Page from the Past: Over the Rainbow, Into the Library

This post is republished from the September–October issue of LCM, the Library of Congress magazine. Read the issue in its entirety online.

Color plate illustration from “The Wonderful Wizard of Oz.”

“The Wonderful Wizard of Oz” ranks as one of the greatest American books for children, and its evocative original artwork today is both cherished and exceedingly rare.

The phenomenally successful book, written by L. Frank Baum and published in 1900, soon inspired adaptions for the stage, silent film and, most famously, the iconic 1939 color film starring Judy Garland.

Baum’s book was illustrated by his friend William Wallace Denslow, with whom he collaborated on other books such as “Father Goose: His Book,” “By the Candelabra’s Glare” and “Dot and Tot of Merryland.”

The design of “The Wonderful Wizard of Oz” was lavish for the time, with several color plate illustrations, backgrounds in different colors and illustrations on many pages.

The Library holds, among other Oz-related items, a first edition of “The Wonderful Wizard of Oz” that’s available for reading online and the original pen-and-ink drawing Wallace produced for the volume shown below (it appears on page 105 of the book).

Pen and ink drawing by William Wallace Denslow.

The image is a familiar one, depicting the Tin Woodsman and the Scarecrow saving the Cowardly Lion from the deadly poppy field with the help of the Queen of the Field Mice and her followers: “Soon they rolled the Lion out of the poppy bed into the green fields, where he could breathe the sweet, fresh air again, instead of the poisonous scent of flowers.”

Baum and Denslow eventually ended their collaboration in a dispute over money, and Denslow used part of his royalties from his work on “Oz” to buy an island off Bermuda and proclaimed himself King Denslow I.

Today, Denslow’s original artwork brings readers back to the original presentation of the classic “Oz” story, long before multiple publications and motion pictures altered the original vision of Munchkins, wicked witches, flying monkeys and the Great Humbug.

Pic of the Week: Battle of the Bulge Vets Visit the Library

Earlier this week, Battle of the Bulge Association veterans gathered in the Great Hall of the Library’s Jefferson Building for an event marking the battle’s 74th anniversary. While at the Library, they visited the offices of the Veterans History Project and viewed a special display of battle-related collection items prepared for them. Pictured here are […]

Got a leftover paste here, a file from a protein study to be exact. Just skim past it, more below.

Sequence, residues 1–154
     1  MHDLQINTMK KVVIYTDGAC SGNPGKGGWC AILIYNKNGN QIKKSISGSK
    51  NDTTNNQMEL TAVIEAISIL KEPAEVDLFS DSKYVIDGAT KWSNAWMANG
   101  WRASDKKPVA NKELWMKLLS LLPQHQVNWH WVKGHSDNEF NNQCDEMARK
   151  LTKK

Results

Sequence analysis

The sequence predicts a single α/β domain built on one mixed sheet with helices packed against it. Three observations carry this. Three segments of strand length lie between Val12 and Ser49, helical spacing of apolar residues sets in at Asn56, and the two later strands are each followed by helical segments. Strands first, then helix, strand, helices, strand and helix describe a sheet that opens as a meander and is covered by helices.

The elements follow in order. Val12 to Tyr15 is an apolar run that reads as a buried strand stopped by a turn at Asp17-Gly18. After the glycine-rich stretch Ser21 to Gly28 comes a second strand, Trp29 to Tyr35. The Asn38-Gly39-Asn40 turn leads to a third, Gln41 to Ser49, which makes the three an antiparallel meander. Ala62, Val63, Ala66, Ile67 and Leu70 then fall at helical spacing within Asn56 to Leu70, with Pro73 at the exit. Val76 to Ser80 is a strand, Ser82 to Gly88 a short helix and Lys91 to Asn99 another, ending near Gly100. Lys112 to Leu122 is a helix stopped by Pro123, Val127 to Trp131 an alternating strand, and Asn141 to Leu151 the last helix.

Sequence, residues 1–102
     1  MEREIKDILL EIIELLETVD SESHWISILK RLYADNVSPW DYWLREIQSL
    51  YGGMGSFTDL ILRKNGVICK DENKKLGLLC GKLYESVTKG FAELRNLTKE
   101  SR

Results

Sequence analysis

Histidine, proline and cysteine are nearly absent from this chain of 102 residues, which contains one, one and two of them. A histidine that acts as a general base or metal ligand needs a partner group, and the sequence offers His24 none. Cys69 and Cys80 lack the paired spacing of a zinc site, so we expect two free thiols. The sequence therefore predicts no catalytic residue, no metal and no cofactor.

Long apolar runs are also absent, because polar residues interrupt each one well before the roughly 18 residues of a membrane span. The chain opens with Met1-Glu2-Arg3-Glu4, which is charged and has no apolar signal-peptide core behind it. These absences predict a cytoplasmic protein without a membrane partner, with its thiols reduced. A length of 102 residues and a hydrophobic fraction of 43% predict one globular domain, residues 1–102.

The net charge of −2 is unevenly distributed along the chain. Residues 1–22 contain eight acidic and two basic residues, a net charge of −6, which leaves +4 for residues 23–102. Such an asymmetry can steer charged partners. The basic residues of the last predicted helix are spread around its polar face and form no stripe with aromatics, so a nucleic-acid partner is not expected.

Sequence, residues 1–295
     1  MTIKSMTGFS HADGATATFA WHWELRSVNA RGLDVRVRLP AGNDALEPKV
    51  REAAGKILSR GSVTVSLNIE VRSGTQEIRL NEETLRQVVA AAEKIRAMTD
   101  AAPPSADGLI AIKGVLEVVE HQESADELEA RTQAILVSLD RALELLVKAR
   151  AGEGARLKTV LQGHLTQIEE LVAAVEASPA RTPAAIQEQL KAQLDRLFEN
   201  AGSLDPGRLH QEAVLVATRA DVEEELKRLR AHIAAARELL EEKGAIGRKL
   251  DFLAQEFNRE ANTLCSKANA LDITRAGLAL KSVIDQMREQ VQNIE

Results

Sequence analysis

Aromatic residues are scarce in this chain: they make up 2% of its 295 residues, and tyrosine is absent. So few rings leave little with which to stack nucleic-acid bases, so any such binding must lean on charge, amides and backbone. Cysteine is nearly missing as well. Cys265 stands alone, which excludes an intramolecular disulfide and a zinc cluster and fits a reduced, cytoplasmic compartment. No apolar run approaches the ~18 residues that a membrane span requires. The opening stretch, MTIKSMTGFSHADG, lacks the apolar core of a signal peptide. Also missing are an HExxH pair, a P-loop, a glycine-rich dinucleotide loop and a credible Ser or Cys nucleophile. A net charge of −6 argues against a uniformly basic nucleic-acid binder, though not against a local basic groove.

An 1848 Christmas Story: The Gift of Freedom

This is a guest post by Lavonda Kay Broadnax, digital reference specialist in the Library’s Research and Reference Services Division. December is a month of holidays and festivities that bring families and friends together to celebrate their good fortune and look forward to the year ahead. For the enslaved couple William and Ellen Craft, the […]

New Acquisition: Billy Strayhorn Archive

This is a guest post by Larry Appelbaum, senior reference librarian and jazz specialist in the Music Division. It was first published on “In the Muse,” the division’s blog. Appelbaum interviewed Gregory Morris, nephew of Billy Strayhorn, to mark the Library’s acquisition of the Billy Strayhorn Music Manuscripts and Estate Papers. In January 2017, I […]

Happy 30th Birthday, National Film Registry

Today we announced the 2018 National Film Registry selections! Read the following guest post by Stephen Leggett, program coordinator for the National Film Preservation Board, to find out how the registry helps to ensure the survival of our cinematic heritage. Scroll to the bottom to see video clips of this year’s selections. From an unexpected […]

TCM Celebrates 30 Years of the National Film Registry

Tomorrow is the big day! On Wednesday, December 12, we will announce the 2018 National Film Registry selections. Be the first to know by subscribing to our news alert. This is the 30th year of the registry and we have been highlighting films added each year on our “Now See Hear” blog. Our friends at […]

Uncovering Surprises in the Collections, Serendipitously

This is a guest post by Jer Thorp, the Library’s innovator-in-residence. On November 8, he took over the @LibraryCongress Twitter account to host a #SerendipityRun in which participants connected with one another and shed new light on Library holdings by taking a serendipitous “run” through the online collections. Here Thorp describes the inspiration behind this […]

“Forbidden Planet”: National Film Registry 30/30

The following is part of a 30-post series on the Library’s Now See Hear! blog celebrating 30 years of our National Film Registry, which selects 25 films each year showcasing the range and diversity of American film heritage to increase awareness for its preservation. The 30th National Film Registry selections will be announced next month. This […]

Letters About Literature: A Life-Changing Book

This is a guest blog post by Maya Mau, a 10th-grade student at West Windsor–Plainsboro High School North in Plainsboro Township, New Jersey. She is a national winner of the 2017–18 Letters About Literature contest, a reading and writing competition for students in grades four through 12 that involves reading a work and writing to […]